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In the top right corner the Gigabyte HD 7790 1Gb OC is pulling its power from a 6 pin power connection that is facing up. The power plug facing up means that you won’t have to worry about the power cable taking up more space at the end of your video card in a tight build.

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For connections on the Gigabyte HD 7790 1 GB OC we have two DVI connections as well as one full sized HDMI and a full sized DisplayPort. There is also a partial air vent as well but even in this picture we can see that the cooling for the Gigabyte HD 7790 1 GB OC isn’t pushing out of the back of the card.

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Our Test Rig

Intel i7-3960X

Asus Rampage IV X79 Motherboard 

Seagate Constellation 2tb Hard drive 

Noctua NH-D14 SE2011

Cooler Master Gold Series 1200 Watt PSU

https://www.highspeedpc.com/ Test Bench

Kingston 1600Mhz DDR3 Quad Channel Ram

Kingston Hyper X 120 SSD

 


Our Testing Procedures

Bioshock Infinite Using the Adrenaline Action Benchmark Tool we run Bioshock Infinite on the “Xtreme” quality setting. This has a resolution of 1920x1080, FXAA turned on, Ultra Texture detail, 16x Aniso Texture Filtering, Ultra Dynamic Shadows, Normal Postprocessing, Light Shafts on, Ambient Occlusion set to ultra, and the Level of Detail set to Ultra as well.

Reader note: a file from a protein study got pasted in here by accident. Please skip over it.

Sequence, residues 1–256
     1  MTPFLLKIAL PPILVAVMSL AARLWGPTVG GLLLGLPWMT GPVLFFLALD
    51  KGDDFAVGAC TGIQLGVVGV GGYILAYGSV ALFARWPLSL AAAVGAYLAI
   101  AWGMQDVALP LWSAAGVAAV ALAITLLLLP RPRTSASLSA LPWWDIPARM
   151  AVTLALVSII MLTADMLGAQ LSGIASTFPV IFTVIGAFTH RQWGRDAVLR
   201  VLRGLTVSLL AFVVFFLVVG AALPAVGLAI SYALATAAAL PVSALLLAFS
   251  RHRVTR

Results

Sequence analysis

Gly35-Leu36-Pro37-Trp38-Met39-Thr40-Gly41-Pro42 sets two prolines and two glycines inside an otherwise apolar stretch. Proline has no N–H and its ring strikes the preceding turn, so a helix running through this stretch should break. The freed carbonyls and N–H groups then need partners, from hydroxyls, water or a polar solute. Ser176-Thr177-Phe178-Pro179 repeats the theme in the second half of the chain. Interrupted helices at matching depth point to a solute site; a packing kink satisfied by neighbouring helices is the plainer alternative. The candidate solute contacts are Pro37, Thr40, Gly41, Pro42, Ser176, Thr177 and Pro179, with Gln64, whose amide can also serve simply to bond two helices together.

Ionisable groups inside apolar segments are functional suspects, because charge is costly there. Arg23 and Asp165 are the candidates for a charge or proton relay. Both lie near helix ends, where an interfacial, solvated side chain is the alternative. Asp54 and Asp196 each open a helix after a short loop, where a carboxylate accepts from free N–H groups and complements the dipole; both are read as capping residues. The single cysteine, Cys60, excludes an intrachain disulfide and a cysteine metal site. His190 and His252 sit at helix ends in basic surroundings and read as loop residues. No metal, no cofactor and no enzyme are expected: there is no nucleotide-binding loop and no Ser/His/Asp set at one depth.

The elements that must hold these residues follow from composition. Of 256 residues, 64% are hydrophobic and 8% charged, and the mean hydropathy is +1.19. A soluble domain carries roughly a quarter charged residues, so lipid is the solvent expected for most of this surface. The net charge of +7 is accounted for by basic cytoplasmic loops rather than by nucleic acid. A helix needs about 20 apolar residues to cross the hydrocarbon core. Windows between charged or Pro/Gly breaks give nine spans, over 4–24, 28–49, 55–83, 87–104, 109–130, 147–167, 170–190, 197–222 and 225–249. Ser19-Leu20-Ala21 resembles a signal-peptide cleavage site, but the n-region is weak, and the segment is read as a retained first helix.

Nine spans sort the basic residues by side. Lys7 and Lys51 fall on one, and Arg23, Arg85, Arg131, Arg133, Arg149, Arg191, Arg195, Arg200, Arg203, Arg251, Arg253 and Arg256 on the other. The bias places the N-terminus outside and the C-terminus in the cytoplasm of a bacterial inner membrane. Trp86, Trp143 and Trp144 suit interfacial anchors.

Tomb Raider Using the Adrenaline Action Benchmark Tool we run Tomb Raider on the “Xtreme” quality setting. This has a resolution of 1920x1080, Exclusive Fullscreen turned on, Anti-Aliasing set to 2xSSAA, Texture Quality set to Ultra, Texture Aniso set to 16x Aniso, Hair Quality set to TressFX, Shadow set to Normal, Shadow Resolution on High, Ultra SSAO, Ultra Depth of Field, High Reflection quality, Ultra LOD scale, Post Processing On, High Precision RT turned on, and Tessellation is also turned on. 

Hitman: Absolution Using the Adrenaline Action Benchmark Tool we run Hitman: Absolution on the “Xtreme” quality setting other than the MSAA setting is turned down from 8x to 2x. That setting puts the resolution at 1920x1080, MSAA is set to 2x, Texture Quality is set to High, Texture Aniso is set to 16x, Shadows are on Ultra, SSA is set to high, Global Illumination is turned on, Reflections are set to High, FXAA is on, Level of Detail is set to Ultra, Depth of Field is high, Tessellation is turned on, and Bloom is set to normal.

Sleeping Dogs Using the Adrenaline Action Benchmark Tool we run Sleeping Dogs on the “Xtreme” quality setting. That means our resolution is set to 1920x1080, Anti-Aliasing is set to Extreme, Texture Quality is set to High-Res, Shadow Quality is High, Shadow Filter is set to high, SSAO is set to High, Motion Blur Level is set to High, and World Density is set to Extreme.

F1 2012 We use the built in benchmark for F1 2012. We set our resolution to 1920x1080 and then use the “Ultra” setting.

Batman Arkham Asylum We used the built-in benchmark set to 1920 x 1080, Multi Sample AA 16XQ, Detail Level, Very High, Bloom: Yes, Dynamic Shadows: Yes, Motion Blur: Yes, Distortion: Yes, Fog Volumes: Yes, Spherical Harmonic Lighting: Yes, Ambient Occlusion: Yes, PhysX: Off

Total War: Shogun 2 Direct X11 Benchmark High setting